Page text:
About Roger Mudd
Roger Mudd is a 1950 graduate of W&L, where he majored in history. He received a master's degree, also in history, from the University of North Carolina at Chapel Hill in 1953. He began his journalism career in Richmond, VA., as a reporter for the Richmond News Leader newspaper and for WRNL, a local radio station. He moved to Washington in the late 1950s and worked at WTOP News before joining the Washington bureau of CBS News in 1961.
Between 1961 and 1992, he served as a Washington correspondent for CBS News, NBC News and the "MacNeil/Lehrer Newshour" on PBS. He won the George Foster Peabody award for two CBS programs, "The Selling of the Pentagon" in 1970 and "Teddy," a famous interview with Sen. Edward M. Kennedy, in 1979. He has also won the Joan S. Barone Award for Distinguished Washington Reporting, in 1990, and five Emmy Awards.
Mudd published his memoir, The Place to Be: Washington, CBS, and the Glory Days of Television News, in 2008. Between 1992 and 1996, he was a visiting professor of politics and the press at Princeton University and at Washington and Lee University.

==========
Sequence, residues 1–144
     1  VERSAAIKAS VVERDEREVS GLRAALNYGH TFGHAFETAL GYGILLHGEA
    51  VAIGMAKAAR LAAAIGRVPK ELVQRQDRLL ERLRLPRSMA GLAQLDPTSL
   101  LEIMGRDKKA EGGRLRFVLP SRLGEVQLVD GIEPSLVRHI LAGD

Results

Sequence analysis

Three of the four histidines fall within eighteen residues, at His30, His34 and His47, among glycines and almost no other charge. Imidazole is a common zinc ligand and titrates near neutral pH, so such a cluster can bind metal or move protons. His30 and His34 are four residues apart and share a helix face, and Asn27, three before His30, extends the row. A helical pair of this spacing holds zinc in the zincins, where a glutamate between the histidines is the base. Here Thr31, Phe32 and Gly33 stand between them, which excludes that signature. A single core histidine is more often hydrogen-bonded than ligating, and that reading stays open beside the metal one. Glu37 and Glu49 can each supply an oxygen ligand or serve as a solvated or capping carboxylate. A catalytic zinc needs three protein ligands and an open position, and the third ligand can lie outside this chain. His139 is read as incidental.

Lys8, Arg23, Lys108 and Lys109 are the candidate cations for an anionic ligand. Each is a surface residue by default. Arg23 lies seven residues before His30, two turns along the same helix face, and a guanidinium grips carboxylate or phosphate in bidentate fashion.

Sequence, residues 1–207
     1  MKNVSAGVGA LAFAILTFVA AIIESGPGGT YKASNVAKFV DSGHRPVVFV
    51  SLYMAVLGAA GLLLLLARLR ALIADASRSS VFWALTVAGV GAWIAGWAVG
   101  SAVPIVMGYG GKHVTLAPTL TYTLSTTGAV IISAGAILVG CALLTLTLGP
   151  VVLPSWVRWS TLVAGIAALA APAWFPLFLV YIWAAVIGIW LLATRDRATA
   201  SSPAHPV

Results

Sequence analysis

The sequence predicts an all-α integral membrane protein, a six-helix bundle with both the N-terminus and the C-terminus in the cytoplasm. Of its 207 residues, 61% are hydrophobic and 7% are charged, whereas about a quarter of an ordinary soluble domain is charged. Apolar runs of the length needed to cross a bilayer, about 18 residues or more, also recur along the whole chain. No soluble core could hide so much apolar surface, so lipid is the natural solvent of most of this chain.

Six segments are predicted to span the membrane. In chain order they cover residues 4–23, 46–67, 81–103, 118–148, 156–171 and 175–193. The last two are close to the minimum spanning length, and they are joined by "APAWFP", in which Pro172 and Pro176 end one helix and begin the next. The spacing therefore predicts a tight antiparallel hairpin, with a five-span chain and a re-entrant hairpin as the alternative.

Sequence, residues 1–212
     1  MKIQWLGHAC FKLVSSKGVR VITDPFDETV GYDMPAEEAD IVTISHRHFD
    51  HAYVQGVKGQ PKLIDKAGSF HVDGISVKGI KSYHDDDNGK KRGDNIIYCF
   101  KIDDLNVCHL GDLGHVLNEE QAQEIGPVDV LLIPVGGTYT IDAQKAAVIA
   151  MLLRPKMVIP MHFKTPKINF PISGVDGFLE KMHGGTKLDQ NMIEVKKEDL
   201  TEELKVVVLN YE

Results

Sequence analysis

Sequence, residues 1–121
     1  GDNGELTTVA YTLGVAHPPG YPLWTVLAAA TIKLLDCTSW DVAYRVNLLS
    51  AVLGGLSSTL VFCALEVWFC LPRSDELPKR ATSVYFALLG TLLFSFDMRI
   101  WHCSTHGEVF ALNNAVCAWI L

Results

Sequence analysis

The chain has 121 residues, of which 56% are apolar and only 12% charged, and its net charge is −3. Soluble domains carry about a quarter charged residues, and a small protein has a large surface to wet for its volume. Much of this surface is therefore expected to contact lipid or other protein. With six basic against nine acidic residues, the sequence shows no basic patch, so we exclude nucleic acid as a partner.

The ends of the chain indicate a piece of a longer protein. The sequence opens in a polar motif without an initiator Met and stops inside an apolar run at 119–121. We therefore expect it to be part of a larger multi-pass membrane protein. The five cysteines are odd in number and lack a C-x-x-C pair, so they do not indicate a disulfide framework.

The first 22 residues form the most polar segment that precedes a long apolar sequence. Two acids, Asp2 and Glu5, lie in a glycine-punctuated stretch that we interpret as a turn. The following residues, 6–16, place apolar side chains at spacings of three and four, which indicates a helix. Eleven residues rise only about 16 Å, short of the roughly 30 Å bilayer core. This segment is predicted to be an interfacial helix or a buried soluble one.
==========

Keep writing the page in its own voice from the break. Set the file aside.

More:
He is a member of the advisory committee for W&L's department of journalism and mass communications. He serves on the board of the Virginia Foundation for Independent Colleges (VFIC) and helped establish that organization's Ethics Bowl, an annual competition in which teams of students from Virginia's private colleges and universities debate ethical issues. He is also on the board of the National Portrait Gallery and on the advisory boards of the Eudora Welty Foundation and the Jepson School of Leadership at the University of Richmond. In 2010, Mudd donated his papers to Washington and Lee's Leyburn Library. That gift followed his 2006 donation of his collection of 20th-century Southern fiction. He was awarded the University's Washington Award in 2011, in recognition of his distinguished leadership and service to the nation and extraordinary acts of philanthropy in support of W&L and other institutions.
In 2010, Mudd donated his papers to Washington and Lee's Leyburn Library. That gift followed his 2006 donation of his collection of 20th-century Southern fiction.